sfepy.base.compat module

This module contains functions that have different names or behavior depending on NumPy and Scipy versions.

sfepy.base.compat.in1d(ar1, ar2, assume_unique=False, invert=False)[source]

Test whether each element of a 1-D array is also present in a second array.

Returns a boolean array the same length as ar1 that is True where an element of ar1 is in ar2 and False otherwise.

We recommend using isin() instead of in1d for new code.

Parameters:
ar1 : (M,) array_like

Input array.

ar2 : array_like

The values against which to test each value of ar1.

assume_unique : bool, optional

If True, the input arrays are both assumed to be unique, which can speed up the calculation. Default is False.

invert : bool, optional

If True, the values in the returned array are inverted (that is, False where an element of ar1 is in ar2 and True otherwise). Default is False. np.in1d(a, b, invert=True) is equivalent to (but is faster than) np.invert(in1d(a, b)).

New in version 1.8.0.

Returns:
in1d : (M,) ndarray, bool

The values ar1[in1d] are in ar2.

See also

isin
Version of this function that preserves the shape of ar1.
numpy.lib.arraysetops
Module with a number of other functions for performing set operations on arrays.

Notes

in1d can be considered as an element-wise function version of the python keyword in, for 1-D sequences. in1d(a, b) is roughly equivalent to np.array([item in b for item in a]). However, this idea fails if ar2 is a set, or similar (non-sequence) container: As ar2 is converted to an array, in those cases asarray(ar2) is an object array rather than the expected array of contained values.

New in version 1.4.0.

Examples

>>> test = np.array([0, 1, 2, 5, 0])
>>> states = [0, 2]
>>> mask = np.in1d(test, states)
>>> mask
array([ True, False,  True, False,  True], dtype=bool)
>>> test[mask]
array([0, 2, 0])
>>> mask = np.in1d(test, states, invert=True)
>>> mask
array([False,  True, False,  True, False], dtype=bool)
>>> test[mask]
array([1, 5])
sfepy.base.compat.unique(ar, return_index=False, return_inverse=False, return_counts=False, axis=None)[source]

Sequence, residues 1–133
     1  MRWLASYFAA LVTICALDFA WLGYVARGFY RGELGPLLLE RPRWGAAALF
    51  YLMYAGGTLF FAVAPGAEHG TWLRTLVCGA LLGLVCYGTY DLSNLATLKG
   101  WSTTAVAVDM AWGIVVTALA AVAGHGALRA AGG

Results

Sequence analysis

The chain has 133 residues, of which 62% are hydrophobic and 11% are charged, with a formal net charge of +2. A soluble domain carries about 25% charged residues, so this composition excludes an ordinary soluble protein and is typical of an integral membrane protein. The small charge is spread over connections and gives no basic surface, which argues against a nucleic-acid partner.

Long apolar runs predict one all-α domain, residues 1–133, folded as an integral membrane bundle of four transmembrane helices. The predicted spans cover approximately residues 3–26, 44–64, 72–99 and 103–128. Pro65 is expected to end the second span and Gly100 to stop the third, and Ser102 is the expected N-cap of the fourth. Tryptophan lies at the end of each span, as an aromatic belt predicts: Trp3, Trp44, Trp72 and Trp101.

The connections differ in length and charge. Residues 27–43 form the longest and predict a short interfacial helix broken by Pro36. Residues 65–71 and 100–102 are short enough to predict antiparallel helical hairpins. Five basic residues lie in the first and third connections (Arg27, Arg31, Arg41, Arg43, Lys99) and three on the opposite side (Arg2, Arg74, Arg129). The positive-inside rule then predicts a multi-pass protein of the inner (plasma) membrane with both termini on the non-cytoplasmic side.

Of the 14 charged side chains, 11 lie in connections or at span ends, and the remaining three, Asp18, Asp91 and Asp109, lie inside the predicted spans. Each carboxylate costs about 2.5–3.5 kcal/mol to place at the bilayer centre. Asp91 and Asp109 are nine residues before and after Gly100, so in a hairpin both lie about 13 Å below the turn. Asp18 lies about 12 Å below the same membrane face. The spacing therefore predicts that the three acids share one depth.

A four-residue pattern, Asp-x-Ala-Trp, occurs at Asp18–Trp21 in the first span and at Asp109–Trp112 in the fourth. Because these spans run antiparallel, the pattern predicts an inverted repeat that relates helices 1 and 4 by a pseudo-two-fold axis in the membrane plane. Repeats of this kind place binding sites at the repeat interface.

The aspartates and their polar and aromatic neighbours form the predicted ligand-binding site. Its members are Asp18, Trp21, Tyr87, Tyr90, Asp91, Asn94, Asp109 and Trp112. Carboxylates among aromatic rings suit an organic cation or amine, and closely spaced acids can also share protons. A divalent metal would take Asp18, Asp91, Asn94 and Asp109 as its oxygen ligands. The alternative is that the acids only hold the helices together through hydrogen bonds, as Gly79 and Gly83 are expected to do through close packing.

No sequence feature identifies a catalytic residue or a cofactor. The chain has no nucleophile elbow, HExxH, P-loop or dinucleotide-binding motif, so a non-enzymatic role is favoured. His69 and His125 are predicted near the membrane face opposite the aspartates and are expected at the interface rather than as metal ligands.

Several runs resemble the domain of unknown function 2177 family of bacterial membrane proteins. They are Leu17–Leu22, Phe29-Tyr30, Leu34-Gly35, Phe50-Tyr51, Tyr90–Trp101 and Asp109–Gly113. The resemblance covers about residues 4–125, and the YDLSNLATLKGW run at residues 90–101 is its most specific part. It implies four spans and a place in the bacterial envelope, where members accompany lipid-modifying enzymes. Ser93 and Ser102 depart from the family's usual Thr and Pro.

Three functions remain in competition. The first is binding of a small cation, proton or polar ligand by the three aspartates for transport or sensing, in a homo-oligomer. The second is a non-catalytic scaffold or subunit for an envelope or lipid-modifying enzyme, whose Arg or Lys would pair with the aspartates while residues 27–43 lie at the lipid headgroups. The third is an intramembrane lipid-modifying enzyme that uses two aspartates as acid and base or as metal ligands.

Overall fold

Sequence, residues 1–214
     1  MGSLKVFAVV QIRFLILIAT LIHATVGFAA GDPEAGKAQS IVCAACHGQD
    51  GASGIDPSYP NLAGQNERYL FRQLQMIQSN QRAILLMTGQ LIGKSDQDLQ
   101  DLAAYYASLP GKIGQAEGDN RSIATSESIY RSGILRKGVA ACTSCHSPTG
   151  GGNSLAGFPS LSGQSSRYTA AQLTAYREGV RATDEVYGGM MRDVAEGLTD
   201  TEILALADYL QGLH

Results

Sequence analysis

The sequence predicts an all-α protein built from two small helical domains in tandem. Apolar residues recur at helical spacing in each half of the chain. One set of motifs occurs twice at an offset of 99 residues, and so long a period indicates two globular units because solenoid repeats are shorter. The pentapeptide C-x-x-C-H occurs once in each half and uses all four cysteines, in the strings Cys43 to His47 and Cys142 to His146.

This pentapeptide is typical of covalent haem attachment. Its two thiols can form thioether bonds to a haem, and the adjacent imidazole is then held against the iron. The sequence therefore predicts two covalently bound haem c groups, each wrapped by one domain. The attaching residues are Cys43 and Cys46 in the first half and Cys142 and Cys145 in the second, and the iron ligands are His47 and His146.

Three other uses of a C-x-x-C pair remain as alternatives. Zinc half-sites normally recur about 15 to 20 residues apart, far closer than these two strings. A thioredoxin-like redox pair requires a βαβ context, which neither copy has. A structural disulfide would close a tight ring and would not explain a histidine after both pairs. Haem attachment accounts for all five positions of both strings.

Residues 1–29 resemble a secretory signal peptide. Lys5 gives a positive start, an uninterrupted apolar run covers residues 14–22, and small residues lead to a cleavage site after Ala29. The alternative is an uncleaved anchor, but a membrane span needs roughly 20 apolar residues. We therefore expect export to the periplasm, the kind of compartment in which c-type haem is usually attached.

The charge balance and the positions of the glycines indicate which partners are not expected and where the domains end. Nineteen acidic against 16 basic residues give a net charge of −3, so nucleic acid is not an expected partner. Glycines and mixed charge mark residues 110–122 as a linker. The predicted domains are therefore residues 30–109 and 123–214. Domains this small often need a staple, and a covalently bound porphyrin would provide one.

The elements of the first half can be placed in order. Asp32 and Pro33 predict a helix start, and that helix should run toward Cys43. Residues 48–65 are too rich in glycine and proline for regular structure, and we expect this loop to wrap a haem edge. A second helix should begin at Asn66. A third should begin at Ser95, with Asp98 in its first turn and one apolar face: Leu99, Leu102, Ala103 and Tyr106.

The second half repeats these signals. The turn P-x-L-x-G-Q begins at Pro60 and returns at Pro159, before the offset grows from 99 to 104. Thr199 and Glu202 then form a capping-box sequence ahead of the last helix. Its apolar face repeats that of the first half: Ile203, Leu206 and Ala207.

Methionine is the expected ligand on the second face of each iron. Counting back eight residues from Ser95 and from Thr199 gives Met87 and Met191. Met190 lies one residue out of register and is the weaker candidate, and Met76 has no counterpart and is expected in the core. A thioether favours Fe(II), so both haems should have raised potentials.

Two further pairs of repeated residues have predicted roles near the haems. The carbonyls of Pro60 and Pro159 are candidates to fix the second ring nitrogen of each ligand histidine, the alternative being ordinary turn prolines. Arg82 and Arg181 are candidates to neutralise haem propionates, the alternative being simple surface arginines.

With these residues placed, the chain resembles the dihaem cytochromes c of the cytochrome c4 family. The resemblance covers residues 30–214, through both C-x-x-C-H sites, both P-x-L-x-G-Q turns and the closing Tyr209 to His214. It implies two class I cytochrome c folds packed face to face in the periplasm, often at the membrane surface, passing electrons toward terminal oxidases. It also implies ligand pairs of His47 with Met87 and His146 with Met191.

Find the unique elements of an array.

Returns the sorted unique elements of an array. There are three optional outputs in addition to the unique elements: the indices of the input array that give the unique values, the indices of the unique array that reconstruct the input array, and the number of times each unique value comes up in the input array.

Parameters:
ar : array_like

Input array. Unless axis is specified, this will be flattened if it is not already 1-D.

return_index : bool, optional

If True, also return the indices of ar (along the specified axis, if provided, or in the flattened array) that result in the unique array.

return_inverse : bool, optional

If True, also return the indices of the unique array (for the specified axis, if provided) that can be used to reconstruct ar.

return_counts : bool, optional

If True, also return the number of times each unique item appears in ar. .. versionadded:: 1.9.0

axis : int or None, optional

The axis to operate on. If None, ar will be flattened beforehand. Otherwise, duplicate items will be removed along the provided axis, with all the other axes belonging to the each of the unique elements. Object arrays or structured arrays that contain objects are not supported if the axis kwarg is used. .. versionadded:: 1.13.0

Returns:
unique : ndarray

The sorted unique values.

unique_indices : ndarray, optional

The indices of the first occurrences of the unique values in the original array. Only provided if return_index is True.

unique_inverse : ndarray, optional

The indices to reconstruct the original array from the unique array. Only provided if return_inverse is True.

unique_counts : ndarray, optional

The number of times each of the unique values comes up in the original array. Only provided if return_counts is True. .. versionadded:: 1.9.0

See also

numpy.lib.arraysetops
Module with a number of other functions for performing set operations on arrays.

Examples

>>> np.unique([1, 1, 2, 2, 3, 3])
array([1, 2, 3])
>>> a = np.array([[1, 1], [2, 3]])
>>> np.unique(a)
array([1, 2, 3])

Return the unique rows of a 2D array

>>> a = np.array([[1, 0, 0], [1, 0, 0], [2, 3, 4]])
>>> np.unique(a, axis=0)
array([[1, 0, 0], [2, 3, 4]])

Return the indices of the original array that give the unique values:

>>> a = np.array(['a', 'b', 'b', 'c', 'a'])
>>> u, indices = np.unique(a, return_index=True)
>>> u
array(['a', 'b', 'c'],
       dtype='|S1')
>>> indices
array([0, 1, 3])
>>> a[indices]
array(['a', 'b', 'c'],
       dtype='|S1')

Reconstruct the input array from the unique values:

>>> a = np.array([1, 2, 6, 4, 2, 3, 2])
>>> u, indices = np.unique(a, return_inverse=True)
>>> u
array([1, 2, 3, 4, 6])
>>> indices
array([0, 1, 4, 3, 1, 2, 1])
>>> u[indices]
array([1, 2, 6, 4, 2, 3, 2])